Investigation of the risk of consuming marketed milk with antimicrobial residues in Kenya
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Kang’ethe, E.K., Aboge, G.O., Arimi, S.M., Kanja, L.W., Omore, A.O. and McDermott, J.J. 2005. Investigation of the risk of consuming marketed milk with antimicrobial residues in Kenya. Food Control 16(4):349-355.
Permanent link to cite or share this item: http://hdl.handle.net/10568/3981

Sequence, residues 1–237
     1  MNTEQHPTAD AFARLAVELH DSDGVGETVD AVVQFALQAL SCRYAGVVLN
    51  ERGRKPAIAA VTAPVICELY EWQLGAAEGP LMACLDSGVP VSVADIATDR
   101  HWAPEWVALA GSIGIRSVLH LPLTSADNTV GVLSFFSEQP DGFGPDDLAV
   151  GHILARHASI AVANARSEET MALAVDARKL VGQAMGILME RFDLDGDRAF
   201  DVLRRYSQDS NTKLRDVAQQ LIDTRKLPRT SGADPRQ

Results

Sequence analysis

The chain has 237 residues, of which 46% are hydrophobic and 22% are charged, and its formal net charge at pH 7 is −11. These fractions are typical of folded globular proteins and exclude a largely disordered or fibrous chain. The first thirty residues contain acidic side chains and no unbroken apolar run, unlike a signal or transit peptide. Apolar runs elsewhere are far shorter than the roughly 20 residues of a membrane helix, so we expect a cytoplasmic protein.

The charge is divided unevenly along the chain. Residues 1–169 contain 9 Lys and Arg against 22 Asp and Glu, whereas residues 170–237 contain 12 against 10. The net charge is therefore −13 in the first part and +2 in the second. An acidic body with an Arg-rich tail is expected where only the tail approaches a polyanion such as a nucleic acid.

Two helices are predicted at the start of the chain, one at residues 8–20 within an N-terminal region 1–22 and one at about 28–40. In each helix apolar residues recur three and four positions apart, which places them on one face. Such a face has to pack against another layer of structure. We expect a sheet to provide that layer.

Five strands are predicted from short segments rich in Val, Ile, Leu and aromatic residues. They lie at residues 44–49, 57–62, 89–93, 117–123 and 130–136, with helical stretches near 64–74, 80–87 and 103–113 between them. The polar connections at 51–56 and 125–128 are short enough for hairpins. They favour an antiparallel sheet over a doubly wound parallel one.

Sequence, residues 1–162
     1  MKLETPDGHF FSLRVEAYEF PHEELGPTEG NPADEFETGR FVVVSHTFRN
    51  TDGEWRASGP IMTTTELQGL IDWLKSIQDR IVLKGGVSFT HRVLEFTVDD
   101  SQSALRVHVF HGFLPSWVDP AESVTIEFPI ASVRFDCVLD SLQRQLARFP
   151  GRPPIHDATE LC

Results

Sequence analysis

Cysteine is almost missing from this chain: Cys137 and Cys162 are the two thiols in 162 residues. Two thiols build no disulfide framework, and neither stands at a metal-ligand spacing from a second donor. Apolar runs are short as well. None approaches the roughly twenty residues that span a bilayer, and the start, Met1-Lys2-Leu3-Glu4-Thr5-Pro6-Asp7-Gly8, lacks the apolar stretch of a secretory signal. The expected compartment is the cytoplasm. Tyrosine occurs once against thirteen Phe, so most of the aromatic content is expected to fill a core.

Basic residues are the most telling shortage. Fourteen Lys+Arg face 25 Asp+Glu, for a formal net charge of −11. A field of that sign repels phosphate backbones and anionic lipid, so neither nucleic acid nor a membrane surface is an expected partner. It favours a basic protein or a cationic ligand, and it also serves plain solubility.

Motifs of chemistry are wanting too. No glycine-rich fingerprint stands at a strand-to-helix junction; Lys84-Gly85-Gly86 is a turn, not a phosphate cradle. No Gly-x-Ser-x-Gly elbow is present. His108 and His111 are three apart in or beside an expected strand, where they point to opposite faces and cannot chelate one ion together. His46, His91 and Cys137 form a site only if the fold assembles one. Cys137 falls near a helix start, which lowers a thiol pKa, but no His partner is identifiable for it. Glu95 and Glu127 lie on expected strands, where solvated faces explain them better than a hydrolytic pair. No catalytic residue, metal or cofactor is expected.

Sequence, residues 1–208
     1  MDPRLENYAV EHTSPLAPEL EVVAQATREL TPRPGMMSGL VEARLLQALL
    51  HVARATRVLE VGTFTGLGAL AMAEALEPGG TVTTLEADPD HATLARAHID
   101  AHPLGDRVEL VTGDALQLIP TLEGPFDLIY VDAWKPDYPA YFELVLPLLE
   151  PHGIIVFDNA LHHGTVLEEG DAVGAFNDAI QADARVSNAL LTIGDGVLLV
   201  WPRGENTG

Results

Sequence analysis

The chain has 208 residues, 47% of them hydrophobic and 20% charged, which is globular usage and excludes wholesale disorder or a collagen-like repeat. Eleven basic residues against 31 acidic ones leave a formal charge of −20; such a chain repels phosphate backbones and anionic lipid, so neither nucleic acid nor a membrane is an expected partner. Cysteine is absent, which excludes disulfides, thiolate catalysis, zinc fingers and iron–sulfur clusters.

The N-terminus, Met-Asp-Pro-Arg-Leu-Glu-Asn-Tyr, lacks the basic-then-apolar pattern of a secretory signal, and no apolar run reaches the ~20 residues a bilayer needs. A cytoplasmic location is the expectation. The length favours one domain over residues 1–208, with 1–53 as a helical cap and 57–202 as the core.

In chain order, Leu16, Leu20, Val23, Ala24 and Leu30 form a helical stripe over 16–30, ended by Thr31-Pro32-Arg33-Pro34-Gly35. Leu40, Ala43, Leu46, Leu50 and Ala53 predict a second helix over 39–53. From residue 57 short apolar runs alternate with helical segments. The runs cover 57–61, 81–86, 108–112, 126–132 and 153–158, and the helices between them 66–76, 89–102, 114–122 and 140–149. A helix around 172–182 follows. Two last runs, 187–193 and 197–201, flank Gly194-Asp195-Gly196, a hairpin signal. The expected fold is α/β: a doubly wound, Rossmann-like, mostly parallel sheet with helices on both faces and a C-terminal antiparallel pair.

The risk of consuming marketed milk containing antimicrobial residues was investigated by testing 854 unpasteurized and 110 pasteurized milk samples collected from contrasting locations, market outlets and consumer households in Kenya during 1999 and 2000. The Charm-AIM screening kit used detected antimicrobial residues in up to 16% of marketed milk samples, suggesting an average risk of exposure by consumers of up to five times every month. Higher prevalence levels of the residues were mainly associated with samples obtained lower in the market chain before bulking. Agreement between the Charm-AIM and Charm-SL test, that was used to specifically confirm the presence of β-lactams and tetracyclines, was poor beyond 72 h following drug administration due to differences in detectable limits of the tests.
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